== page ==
Gray Watson Personal Thoughts 1999.07.28
The Ebb and Flow of Life

Jim and Tim

1635 @ Work

[ I've been meaning to finish this for some time. I took notes at the moment but most of this has been written 3 years later. ]

Dr. Watson I Presume? I just came back from visiting my grandfather James (Jim) Rose Watson. It's very hard to see him this way since I remember him as larger than life. A big man who laughed a lot and loved his wife and family. A dedicated doctor who cared for his patients, worked hard, and did the "right thing". He spent most of his life practicing medicine in Pittsburgh, PA, USA. After he and his wife grew old, they retired to Sun City, AZ -- the land of gravel front yards and golf carts. His health has been slipping recently, and my parents and my father's siblings made the decision to transport him back to Pittsburgh to be closer to some of the family. This great man now lives in a room at a nursing home a couple of miles away. It probably will be the last room he will ever see.

I find myself comparing his existence with that of my newly born, 7 week old, little boy Timmy. Jim's hands and arms are covered with little cuts which never seem to heal. I scratched Timmy the other day pretty good (ugh) and it was completely gone the next morning. Both Jim and Timmy make noises when they sleep which I can only characterize as little cries. With Timmy I can almost watch his neurons connecting -- I watch him tracking his mom around the room, trying to keep his head upright, and in general trying to make sense of his little world. With Jim I see the mind of a great man slipping slowly away like someone is turning down his rheostat.

Jim has to be restrained on occasion so that he does not fight his care-givers or further injure himself. I come in for a visit and his arms are secured to his bed while he sleeps. We often have to restrain little Timmy as well. When he is breastfeeding, if his hand brushes his face he will turn towards it and loose contact with his mom so we often have to hold his arms during feedings. At night he is often wrapped up in a little blanket and is always in his crib which looks like a cage to me. We are careful to have him sleep on his back in an attempt to avoid SIDS.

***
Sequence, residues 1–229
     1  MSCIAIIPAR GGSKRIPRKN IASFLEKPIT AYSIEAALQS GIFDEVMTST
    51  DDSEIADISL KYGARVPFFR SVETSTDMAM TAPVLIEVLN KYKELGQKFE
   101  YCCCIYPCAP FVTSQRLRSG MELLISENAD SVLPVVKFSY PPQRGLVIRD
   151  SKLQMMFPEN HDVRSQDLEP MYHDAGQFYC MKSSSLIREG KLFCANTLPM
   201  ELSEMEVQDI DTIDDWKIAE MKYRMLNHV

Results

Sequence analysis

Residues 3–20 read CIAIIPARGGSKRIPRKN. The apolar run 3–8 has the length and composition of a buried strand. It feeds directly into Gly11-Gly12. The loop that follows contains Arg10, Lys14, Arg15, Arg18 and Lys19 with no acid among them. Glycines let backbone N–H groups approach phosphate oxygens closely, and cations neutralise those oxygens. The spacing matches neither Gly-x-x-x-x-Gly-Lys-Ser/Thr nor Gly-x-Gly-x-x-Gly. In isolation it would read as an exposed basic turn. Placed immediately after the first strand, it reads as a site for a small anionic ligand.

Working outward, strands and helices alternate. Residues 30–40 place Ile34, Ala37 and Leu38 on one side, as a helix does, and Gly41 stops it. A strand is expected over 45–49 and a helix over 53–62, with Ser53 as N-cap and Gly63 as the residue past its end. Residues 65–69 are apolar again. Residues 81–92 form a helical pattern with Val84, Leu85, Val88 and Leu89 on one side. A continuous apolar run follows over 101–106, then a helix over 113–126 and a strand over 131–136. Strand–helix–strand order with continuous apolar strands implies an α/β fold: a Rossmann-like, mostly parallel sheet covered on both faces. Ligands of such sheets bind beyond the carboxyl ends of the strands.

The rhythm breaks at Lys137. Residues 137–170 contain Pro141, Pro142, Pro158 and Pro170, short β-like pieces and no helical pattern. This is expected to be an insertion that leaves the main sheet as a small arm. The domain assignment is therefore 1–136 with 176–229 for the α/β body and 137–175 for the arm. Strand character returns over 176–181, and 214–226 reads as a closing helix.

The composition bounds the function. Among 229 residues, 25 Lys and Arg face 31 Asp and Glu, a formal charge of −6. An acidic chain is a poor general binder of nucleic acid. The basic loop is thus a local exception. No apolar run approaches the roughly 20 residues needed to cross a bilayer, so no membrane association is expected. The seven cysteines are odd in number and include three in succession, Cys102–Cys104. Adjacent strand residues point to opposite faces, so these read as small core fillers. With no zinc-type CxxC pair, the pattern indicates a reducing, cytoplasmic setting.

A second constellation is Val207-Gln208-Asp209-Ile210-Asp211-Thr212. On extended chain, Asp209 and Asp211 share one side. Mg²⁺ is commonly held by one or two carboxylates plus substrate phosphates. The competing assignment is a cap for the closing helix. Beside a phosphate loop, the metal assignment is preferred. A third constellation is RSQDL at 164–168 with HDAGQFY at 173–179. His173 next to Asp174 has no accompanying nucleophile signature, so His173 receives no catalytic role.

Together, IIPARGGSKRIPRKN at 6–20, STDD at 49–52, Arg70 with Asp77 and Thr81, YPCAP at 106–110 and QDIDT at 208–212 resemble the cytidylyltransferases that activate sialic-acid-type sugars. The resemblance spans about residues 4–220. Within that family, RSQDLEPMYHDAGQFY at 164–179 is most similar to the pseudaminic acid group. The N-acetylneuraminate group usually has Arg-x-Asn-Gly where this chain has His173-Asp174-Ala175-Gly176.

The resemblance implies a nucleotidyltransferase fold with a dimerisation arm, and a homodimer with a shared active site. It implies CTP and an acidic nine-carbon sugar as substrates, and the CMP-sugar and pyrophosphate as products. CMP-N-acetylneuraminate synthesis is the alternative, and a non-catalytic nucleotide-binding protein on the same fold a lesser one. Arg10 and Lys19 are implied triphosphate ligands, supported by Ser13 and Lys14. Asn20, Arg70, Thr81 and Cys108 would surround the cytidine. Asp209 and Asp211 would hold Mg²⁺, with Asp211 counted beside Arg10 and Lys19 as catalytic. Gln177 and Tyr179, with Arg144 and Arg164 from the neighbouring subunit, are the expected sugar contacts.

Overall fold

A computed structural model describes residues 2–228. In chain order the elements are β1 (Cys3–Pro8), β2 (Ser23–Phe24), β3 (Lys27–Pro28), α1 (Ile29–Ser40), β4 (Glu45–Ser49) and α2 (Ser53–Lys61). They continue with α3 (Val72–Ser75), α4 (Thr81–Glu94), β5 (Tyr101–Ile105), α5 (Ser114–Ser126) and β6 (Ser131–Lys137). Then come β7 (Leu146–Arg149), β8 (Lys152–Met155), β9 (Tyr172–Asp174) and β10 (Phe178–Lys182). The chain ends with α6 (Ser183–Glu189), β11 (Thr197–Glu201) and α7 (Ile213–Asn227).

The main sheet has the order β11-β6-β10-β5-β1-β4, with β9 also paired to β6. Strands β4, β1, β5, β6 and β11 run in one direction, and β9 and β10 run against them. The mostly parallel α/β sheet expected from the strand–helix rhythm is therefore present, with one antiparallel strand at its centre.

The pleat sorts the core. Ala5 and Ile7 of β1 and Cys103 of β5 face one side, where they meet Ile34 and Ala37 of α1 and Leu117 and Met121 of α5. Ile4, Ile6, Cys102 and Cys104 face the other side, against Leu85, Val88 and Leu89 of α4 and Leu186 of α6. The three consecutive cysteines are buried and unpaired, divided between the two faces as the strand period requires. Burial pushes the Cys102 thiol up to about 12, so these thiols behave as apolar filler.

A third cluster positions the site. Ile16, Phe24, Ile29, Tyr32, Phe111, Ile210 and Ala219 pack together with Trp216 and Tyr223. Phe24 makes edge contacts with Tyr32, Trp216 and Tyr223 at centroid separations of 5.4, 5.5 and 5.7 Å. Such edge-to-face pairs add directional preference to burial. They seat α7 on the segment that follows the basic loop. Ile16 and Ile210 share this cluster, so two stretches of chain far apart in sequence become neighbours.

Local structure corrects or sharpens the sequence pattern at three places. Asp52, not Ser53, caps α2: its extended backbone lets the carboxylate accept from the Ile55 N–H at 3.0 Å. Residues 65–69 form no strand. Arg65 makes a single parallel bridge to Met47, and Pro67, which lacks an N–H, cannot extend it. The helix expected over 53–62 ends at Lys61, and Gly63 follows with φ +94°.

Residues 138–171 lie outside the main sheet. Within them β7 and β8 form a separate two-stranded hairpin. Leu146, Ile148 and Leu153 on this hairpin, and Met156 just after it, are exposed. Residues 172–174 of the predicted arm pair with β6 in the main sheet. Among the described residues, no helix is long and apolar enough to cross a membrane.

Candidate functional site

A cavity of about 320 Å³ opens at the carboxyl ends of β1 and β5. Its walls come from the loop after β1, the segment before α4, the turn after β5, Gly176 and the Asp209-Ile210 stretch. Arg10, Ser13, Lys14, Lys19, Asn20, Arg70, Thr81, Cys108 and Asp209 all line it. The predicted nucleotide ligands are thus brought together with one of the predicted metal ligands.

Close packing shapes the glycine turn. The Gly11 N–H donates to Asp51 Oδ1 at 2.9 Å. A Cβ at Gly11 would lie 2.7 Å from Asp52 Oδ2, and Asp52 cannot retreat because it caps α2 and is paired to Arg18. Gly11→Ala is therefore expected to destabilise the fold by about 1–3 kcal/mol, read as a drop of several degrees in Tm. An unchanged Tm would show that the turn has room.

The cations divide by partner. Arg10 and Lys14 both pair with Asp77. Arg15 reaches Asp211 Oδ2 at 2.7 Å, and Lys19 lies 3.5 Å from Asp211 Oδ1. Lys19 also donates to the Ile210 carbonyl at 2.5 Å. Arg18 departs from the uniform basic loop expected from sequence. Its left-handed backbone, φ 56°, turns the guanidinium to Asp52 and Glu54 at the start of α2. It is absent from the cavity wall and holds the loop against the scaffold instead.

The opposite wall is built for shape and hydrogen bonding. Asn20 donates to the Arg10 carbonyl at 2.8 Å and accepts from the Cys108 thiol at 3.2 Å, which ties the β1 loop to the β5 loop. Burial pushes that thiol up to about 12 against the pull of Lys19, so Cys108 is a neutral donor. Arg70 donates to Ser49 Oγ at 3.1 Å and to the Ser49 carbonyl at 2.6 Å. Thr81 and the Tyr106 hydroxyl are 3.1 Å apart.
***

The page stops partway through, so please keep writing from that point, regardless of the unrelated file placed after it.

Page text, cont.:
I remember one time when the aids brought Jim back from his bath or maybe the cafeteria. To get him out of his wheelchair one of the guys just picked him up and all but threw him into bed. I remember seeing that look in Jim's eyes of complete and utter panic in his loss of control over his body. When Timmy was a little older and rolling around and trying to sit up, I remember seeing that same look in his eyes when he lost his balance. It was the same panic and desperation.

I specifically remember the noises and smells from Jim's room. The hiss of the oxygenator and gurgle of the catheter. In the distance I hear the omnipresent cries of another resident calling for his mother, saying hello, or singing -- who knows which. The place smells of cleaned up urine and excrement -- of hospital antiseptic -- of Jello and BO. It all brings back unpleasant memories of my time working as a software developer for nursing homes in Ohio. The good homes, usually church affiliated, seem to be okay with caring nurses, sunny facilities, activities, and generally pleasant surroundings. The mediocre ones were difficult emotionally for me to visit while the bad ones were painful. Regardless of the quality, these are all places where people go to die. No one is getting out alive. People can "live" there for years in a semi-vegetative state or they can arrive and die in a week. Either way, it is an existence that I would not wish on anyone.